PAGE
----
Resuming the cruise industry needs to happen quickly but should not be rushed. Many cruise operators have seen an opportunity in the UK domestic market to recover some of the losses created by the pandemic.
The UK is a prime location to operate in
Many UK-based cruise companies such as Princess Cruises and P&O have announced ‘seacation’ schedules over the past few weeks. Companies have had to act quickly to respond to competitors’ moves, with nine companies releasing schedules and tickets for these voyages. They are expected to take place from July until September, capturing the summer holiday market. Due to capacity restraints and Covid-19 regulations, any more cruise companies that wish to release a summer schedule for 2021 may have missed the boat.
It is no surprise that cruise operators have jumped at this opportunity. An island location with many coastal cities and ports results in an interesting staycation experience. If the same was to be operated across Europe for example, many different countries would be visited, increasing the inconvenience of different rules and regulations for each stop.
The UK is also a country with a specific roadmap out of lockdown. Unlike the US, where different states have varying lockdown end dates, England is all under one roadmap, with Northern Ireland, Wales and Scotland differing but with similar schedules. This will reduce confusion and leave for equal access to the ‘seacation’. As domestic travel is allowed from 17 May at the earliest, it allows companies to plan recovery strategies. The UK is also advanced in its vaccine rollout, with a large percentage of older and vulnerable populations vaccinated, making domestic holidays increasingly likely this summer.
The UK is also a nation where its residents are willing to travel again. According to a GlobalData survey from 2 to 6 December 2020, 78% of respondents are not willing to reduce domestic travel in the ‘new normal’ after Covid-19. This is higher than the world average (72%), and the US (73%). The prolonged restrictions have left travellers itching to travel again. Recent news reports suggest international holidays are not guaranteed this year, so domestic holidays will be the top choice for the UK market.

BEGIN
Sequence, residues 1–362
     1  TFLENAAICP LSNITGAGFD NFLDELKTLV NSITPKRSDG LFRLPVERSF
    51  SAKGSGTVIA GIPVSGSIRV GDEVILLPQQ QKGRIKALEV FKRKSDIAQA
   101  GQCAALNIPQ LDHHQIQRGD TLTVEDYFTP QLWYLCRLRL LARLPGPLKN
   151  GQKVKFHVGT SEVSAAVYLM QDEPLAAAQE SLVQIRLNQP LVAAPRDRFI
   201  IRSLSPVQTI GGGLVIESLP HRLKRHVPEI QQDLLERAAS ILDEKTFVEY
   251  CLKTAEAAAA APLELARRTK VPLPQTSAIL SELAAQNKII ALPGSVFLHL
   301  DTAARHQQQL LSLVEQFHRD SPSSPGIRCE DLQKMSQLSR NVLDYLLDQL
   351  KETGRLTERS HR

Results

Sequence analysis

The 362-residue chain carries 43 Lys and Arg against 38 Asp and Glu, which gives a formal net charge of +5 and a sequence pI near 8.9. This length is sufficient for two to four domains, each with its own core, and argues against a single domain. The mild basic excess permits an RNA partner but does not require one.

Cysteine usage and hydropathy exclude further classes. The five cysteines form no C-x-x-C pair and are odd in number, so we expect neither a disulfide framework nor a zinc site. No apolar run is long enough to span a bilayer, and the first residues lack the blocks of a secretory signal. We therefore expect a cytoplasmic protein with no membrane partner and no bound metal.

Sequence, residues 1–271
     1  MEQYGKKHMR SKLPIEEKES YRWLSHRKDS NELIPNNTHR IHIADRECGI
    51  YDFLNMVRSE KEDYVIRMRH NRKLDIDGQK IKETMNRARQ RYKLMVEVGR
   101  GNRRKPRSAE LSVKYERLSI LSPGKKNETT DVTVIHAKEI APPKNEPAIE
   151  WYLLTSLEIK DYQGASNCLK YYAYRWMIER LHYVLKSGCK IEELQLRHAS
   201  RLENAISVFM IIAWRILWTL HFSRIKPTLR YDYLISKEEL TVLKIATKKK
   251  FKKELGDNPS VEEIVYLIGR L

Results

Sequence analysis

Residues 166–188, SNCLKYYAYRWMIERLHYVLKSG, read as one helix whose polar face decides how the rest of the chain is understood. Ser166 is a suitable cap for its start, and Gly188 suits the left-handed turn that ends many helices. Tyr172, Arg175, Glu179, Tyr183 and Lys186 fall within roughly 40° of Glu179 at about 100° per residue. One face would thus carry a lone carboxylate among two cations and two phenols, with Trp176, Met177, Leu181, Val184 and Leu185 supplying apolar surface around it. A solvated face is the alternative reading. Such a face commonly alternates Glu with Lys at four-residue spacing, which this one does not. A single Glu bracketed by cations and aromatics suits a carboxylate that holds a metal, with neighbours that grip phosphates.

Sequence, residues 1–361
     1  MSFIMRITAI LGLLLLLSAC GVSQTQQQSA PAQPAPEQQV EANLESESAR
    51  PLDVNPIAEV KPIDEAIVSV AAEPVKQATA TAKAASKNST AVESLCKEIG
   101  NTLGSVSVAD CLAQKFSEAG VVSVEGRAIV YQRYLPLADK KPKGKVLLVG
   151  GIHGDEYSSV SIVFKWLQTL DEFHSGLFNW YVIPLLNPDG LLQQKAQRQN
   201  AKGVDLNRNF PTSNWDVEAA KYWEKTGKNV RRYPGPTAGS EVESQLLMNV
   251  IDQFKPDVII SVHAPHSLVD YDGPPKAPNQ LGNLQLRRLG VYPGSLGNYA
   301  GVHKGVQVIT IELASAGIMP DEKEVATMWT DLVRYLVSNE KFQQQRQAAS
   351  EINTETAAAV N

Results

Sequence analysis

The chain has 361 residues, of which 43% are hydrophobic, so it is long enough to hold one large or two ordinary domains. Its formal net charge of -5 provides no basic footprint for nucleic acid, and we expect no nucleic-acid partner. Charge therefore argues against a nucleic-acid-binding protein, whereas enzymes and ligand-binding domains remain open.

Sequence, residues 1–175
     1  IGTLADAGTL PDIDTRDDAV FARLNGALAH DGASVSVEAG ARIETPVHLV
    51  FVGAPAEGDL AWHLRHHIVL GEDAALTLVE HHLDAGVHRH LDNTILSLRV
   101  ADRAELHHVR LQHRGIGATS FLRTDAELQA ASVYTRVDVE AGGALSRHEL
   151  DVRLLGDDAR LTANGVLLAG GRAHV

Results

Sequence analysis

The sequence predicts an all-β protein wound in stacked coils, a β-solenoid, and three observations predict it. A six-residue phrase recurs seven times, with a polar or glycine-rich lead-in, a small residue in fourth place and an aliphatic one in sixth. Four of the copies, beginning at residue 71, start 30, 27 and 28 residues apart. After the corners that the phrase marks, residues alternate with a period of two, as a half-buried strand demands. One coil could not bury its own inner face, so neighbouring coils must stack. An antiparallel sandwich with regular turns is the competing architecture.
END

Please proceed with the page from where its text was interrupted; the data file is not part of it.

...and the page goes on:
There is little room for failure in this new venture
As cruise ships are known for transmitting viruses quickly and easily, there could be concerns from passengers on resuming so soon after lockdown restrictions have been lifted. A Covid-19 outbreak on a ship will be catastrophic for the operator, as well as current and potential passengers. An outbreak would incur high costs, having to provide quarantine and repatriate customers and crew, and could also result in a PR disaster. The bad press gained would decrease consumer confidence to travel on a cruise even further and company finances would take an additional hit, the opposite of what this venture should result in. These seacations provide an opportunity to showcase safety measures that have been implemented and remind passengers of what it is like to go on a cruise again, hopefully encouraging new bookings for higher-yielding international sailings later on in the year and into 2022.
To avoid these issues, cruise operators could require a vaccine for entry onto the boat. This minimises the risk of a Covid-19 outbreak. However, this requirement could limit the number of passengers who are eligible to travel. For example, by summer this year it remains to be seen who will be fully vaccinated and could rule out the potential of family vacations. These family vacations are important to the summer schedule as they attract large bookings and higher spending for cruise companies.